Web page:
There are so many STEM (science, technology, engineering and math) connections when it comes to snow and ice. Turn a chilly time of year into a fun learning experience with these ideas that connect snow to the STEM disciplines.
The Science of Snow
Snow science is fascinating and beautiful. Snow is made up of tiny ice crystals. Forming way up in the clouds, each flake comprises a unique symmetrical beauty that makes its way down to Earth.
You can find out what is inside snow besides water by doing these simple snow science investigations. Seeing the symmetrical, six-pointed crystalline structure of an actual snowflake can be a little tricky. Even if you catch a pristine snowflake it may melt from your breath as you lean in to take a closer look. It is not impossible, however. A really simple way to see a snowflake up close is to take some black paper or fabric outside on a day when there is a light, fluffy snow falling. Catch snowflakes by holding the paper or fabric flat. Bring a magnifying glass to see them up close.
It may be difficult to examine actual snowflake crystals, but it is not hard to grow similar crystal structures. You can use a kit like this to grow crystals very similar to ice and snow crystals at home or in the classroom. Another alternative for examining different crystal structures is to stick some common household substances under a microscope, or magnifying lens. Try salt and sugar, what shapes do you see?
Snow and ice take different forms, like frost and slush. You can create an ice structure that is rarely seen in nature, the ice spike, by doing this ice science investigation.
Technology and the Study of Snow
We aren’t all fortunate enough to run a high-tech science lab, but with the power of the internet, anyone can take a closer peek into some of the most interesting snow science studies in the United States. Kenneth Libbrecht is a scientist with an interest in the snow among many other things. Visit his snow crystals site and you will find videos of snowflakes growing right in front of your eyes, as well as a ton of other science perfect for middle school and older.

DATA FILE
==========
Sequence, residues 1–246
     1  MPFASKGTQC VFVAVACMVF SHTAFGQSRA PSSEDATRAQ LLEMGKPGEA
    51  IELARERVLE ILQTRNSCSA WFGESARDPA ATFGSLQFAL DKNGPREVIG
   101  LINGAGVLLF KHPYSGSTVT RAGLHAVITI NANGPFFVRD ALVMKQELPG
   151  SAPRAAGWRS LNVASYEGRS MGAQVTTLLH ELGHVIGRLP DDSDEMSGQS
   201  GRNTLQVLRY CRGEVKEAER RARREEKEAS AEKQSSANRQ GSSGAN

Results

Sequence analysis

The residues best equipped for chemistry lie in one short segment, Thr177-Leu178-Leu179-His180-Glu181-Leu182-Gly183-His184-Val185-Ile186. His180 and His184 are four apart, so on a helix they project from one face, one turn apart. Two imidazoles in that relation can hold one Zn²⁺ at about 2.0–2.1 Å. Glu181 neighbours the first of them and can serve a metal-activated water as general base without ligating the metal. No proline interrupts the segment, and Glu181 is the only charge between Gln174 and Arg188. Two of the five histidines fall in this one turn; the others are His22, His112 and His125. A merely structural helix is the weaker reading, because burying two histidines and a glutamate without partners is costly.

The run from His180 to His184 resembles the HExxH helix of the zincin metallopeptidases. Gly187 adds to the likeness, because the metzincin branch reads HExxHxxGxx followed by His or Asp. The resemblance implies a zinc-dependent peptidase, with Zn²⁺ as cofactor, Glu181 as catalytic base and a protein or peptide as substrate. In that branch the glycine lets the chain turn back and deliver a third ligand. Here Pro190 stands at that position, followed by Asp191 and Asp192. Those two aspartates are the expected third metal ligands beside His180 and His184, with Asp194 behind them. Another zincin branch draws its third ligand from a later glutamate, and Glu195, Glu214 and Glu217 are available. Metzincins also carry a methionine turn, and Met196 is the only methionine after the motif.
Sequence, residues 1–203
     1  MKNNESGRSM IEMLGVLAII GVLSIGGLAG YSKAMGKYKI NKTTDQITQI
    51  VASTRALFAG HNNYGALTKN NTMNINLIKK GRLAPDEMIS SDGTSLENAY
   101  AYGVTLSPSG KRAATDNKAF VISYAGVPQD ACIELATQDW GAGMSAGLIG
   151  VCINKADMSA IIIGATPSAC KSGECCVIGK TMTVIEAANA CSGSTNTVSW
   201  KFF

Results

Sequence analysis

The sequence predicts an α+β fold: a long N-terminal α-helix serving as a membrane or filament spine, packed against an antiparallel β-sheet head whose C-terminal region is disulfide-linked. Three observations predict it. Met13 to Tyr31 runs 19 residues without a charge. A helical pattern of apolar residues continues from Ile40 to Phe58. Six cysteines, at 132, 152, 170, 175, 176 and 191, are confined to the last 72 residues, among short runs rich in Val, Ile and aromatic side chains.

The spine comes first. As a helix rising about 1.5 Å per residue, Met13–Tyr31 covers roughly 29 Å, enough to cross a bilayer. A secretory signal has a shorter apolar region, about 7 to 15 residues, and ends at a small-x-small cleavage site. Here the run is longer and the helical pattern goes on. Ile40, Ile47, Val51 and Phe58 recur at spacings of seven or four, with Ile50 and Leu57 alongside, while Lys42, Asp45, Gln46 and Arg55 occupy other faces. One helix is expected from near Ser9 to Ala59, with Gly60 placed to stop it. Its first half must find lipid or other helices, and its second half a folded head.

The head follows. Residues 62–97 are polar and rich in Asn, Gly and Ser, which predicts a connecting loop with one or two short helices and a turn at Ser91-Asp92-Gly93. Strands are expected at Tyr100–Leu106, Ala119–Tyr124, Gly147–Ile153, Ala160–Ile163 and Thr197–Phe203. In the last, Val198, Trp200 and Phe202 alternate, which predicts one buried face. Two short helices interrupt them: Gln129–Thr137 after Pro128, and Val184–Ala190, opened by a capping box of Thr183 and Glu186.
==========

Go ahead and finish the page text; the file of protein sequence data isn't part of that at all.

Engineering Snowflake Structures
Have kids put on their engineering design hats and challenge them to design and build a symmetrical, six-pointed snowflake. Craft sticks, cotton swabs, pipe cleaners and other craft supplies are perfect for this. If they can build one on a flat surface, extend the challenge to building a snowflake in three dimensions!
Two math concepts inherent in snowflakes are symmetry and angles. Being able to identify symmetry gives children early geometry skills and the ability to categorize different shapes.
Kids can practice drawing symmetrical snowflakes by constructing them out of paper. Have your children or students cut out a traditional paper snowflake out of colored paper. Once it is unfolded, cut it down the middle. Have kids trade the snowflake halves with one another, or you. They should then place the half of the snowflake on a white piece of paper and try to draw the missing portion of the symmetrical shape. This is a great exercise in paying attention to detail.
If you have had kids build snowflakes as described above in the engineering section, get out the protractors and start measuring angles! Due to the nature of the shape of a snowflake there are all kinds of angles in there. Once they get the hang of measuring different angles and noting them in their snowflake designs, extend this activity by asking questions such as these:
- Is there a maximum size for an angle in a snowflake with 6 points?
- Are there common angles throughout all of your snowflake designs?
- What angles can you find and measure in other symmetrical objects?
Have fun investigating snow!
My name is Sarah Benton Feitlinger and I am a science educator with over 10 years experience sharing science in nature and environmental centers, museums and schools. I have been studying science and nature in one way or another pretty much my whole life! I have a passion for making science understandable, and my goal is to make it accessible for everyone. My blog focuses on connecting current events in science to resources and activities for teachers, parents, and students.